Kootenai County's elected department heads have prepared a preliminary $87 million budget for fiscal year 2013, with a proposed 3 percent raise for all 700 county employees.
The preliminary budget also estimates a shortfall of more than $5.7 million, if the commissioners agree to all personnel requests, capital requests and additional operating costs.
The commissioners are reviewing the proposed budget and are free to make changes before publishing it and holding a public hearing at the end of the month.
Above all, "the commissioners have taken the stance we would not like to take any of our 3 percent allowable (property tax increase), and to make it go within what we have," said Commissioner Todd Tondee.
Employee raises were a priority for county department heads, said Clerk Cliff Hayes.
Pay increases this fiscal year "got eaten up by health care insurance," Hayes said, adding that he is "particularly interested in the $11-an-hour employee."
The wage increase is estimated to cost $1 million.
The preliminary budget also includes more than $1.6 million in personnel requests, $2.3 million in operating costs in excess of the base budget, and $2.3 million in capital requests.
If all approved, those would add up to a nearly $6 million shortfall, according to the document.
Commissioner Jai Nelson said the commissioners have been meeting with department heads to reduce the figure.
"We've whittled it down," she said, adding that doing so isn't easy. "Now we have to really look at some of the capital requests and some of our base operating costs."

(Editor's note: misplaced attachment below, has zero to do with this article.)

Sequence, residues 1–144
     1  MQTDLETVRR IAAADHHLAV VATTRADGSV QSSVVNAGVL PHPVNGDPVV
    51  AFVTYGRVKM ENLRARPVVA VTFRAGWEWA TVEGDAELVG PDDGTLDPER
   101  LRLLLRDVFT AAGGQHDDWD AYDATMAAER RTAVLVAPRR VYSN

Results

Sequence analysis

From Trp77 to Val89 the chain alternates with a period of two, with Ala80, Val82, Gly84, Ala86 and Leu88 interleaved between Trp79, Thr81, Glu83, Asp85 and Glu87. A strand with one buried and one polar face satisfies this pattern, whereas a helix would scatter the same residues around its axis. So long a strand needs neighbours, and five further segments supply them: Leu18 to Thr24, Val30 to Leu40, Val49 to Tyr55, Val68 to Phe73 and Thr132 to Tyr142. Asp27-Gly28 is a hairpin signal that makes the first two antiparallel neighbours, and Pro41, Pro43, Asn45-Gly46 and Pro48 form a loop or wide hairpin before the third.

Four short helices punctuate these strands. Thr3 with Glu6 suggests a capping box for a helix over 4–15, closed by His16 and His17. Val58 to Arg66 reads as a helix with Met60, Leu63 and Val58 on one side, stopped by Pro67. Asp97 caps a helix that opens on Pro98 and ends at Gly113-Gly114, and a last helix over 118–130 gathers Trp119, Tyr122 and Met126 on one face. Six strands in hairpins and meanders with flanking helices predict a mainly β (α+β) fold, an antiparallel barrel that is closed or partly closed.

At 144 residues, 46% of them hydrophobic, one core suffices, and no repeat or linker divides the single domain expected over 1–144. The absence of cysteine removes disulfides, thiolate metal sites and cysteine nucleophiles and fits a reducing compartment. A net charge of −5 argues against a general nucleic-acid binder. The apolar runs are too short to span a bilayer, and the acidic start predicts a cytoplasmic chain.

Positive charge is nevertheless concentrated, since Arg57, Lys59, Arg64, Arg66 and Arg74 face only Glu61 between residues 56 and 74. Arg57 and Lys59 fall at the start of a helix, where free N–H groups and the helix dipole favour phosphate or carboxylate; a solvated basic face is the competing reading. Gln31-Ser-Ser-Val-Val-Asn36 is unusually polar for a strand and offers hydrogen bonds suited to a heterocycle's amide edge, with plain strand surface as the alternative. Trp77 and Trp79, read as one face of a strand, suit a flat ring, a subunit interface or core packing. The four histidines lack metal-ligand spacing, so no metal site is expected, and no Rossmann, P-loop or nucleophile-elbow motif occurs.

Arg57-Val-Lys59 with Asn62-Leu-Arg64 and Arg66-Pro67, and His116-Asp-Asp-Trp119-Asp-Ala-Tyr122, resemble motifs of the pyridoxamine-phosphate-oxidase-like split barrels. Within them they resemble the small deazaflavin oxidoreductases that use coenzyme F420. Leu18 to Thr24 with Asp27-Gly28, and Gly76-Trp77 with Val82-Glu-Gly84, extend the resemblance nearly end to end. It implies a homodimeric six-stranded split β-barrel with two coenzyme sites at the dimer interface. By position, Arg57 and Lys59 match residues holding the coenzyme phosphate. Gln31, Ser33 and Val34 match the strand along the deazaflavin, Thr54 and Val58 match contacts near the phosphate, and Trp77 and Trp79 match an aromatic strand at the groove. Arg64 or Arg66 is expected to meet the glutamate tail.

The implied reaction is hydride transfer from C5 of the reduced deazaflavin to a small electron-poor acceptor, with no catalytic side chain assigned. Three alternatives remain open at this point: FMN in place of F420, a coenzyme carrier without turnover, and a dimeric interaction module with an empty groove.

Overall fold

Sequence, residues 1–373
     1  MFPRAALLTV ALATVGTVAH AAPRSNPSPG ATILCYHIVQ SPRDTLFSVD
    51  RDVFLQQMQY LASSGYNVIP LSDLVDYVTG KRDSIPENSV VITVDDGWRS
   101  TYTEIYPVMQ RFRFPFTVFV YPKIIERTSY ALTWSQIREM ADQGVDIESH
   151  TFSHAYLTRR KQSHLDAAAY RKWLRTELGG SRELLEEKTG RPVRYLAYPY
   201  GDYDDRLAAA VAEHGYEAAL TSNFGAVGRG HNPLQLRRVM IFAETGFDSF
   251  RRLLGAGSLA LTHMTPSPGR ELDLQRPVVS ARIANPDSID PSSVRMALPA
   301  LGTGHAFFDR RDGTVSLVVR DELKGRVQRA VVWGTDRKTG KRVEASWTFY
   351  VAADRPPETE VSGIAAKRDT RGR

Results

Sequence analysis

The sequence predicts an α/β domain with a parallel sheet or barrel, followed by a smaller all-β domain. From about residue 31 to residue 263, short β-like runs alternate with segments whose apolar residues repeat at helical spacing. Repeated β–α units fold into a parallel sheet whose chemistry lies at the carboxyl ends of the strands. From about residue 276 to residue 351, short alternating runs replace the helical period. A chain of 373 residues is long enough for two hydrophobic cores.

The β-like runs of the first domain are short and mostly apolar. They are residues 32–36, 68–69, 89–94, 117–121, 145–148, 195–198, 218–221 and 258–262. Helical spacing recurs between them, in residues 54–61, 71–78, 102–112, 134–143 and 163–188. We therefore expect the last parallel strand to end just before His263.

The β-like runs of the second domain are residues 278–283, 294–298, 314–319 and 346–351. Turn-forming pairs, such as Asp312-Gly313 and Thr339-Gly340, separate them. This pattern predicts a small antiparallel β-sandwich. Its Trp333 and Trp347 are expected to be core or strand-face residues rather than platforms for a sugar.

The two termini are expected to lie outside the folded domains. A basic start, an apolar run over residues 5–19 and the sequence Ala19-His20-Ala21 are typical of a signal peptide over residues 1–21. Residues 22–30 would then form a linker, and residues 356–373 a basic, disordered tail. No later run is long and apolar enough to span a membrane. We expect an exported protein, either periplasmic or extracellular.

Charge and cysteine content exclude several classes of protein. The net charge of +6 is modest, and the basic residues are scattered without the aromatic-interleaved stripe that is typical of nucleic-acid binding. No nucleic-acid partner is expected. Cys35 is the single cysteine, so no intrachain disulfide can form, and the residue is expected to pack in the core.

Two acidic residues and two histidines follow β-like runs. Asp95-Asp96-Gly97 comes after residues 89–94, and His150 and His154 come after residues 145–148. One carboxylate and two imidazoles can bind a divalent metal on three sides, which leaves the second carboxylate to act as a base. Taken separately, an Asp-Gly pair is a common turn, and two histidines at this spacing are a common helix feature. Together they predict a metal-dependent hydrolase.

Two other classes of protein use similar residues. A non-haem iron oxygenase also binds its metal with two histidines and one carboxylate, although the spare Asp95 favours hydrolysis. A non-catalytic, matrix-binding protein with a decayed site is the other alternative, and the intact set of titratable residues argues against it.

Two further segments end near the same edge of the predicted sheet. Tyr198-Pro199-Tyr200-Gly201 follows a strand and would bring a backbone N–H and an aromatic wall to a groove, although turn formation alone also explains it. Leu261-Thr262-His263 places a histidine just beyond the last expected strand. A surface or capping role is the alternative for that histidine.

Providing the proposed raises could be difficult, Nelson said.
Especially, she noted, with the preliminary budget also estimating a $102,000 cost increase for involuntary police holds.
"The wages are going to be a challenge," Nelson said.
Commissioner Dan Green said the other officials have also asked the county to take on a $675,000 cost increase for the employee health care plan.
"That's part of the compensation package," Green said. "I consider that a raise."
The other county officials encourage the commissioners to levy more property taxes, according to a letter Hayes sent the commissioners with the budget.
Doing so could accommodate the wage increases, he wrote, as well as the rise in cost for police holds and Panhandle Health District.
The other officials also left $640,000 in the budget for the commissioners to use for personnel and capital requests, with the recommendation they not fund any requests beyond that, he said.
"That's what they can use, without affecting the tax base," Hayes said.
County officials didn't recommend specific cuts to non-mandatory services, as they did last year for the University of Idaho Extension Office and the North Idaho Fair and Rodeo.
"I got beat up last year. U of I, 4 H was a big one," Hayes said, alluding to feared impacts to 4 H, one of the Extension Office's programs.
The county might, however, change its relationship with the Extension Office to a contractual one, Hayes added.
"We gave them money, we gave them employees, we paid their bills, now we're going to give it to the school," Hayes said of what might happen. "They're going to handle all the hiring, paying the bills and doing whatever."
The current fiscal year's budget is $74 million.
The new budget should end up close to that, Hayes said. The $87 million figure includes departments' wish lists, as well as the fee-funded Solid Waste Department.
The budget must be finalized and published by Aug. 15.
A public hearing on the county budget has been scheduled for 6 p.m. on Wednesday, Aug. 29, in rooms 1A and 1B of the county Administration Building.
Tondee said the commissioners are weighing everything carefully.
"We're looking at the budget and trying to answer all the questions," he said.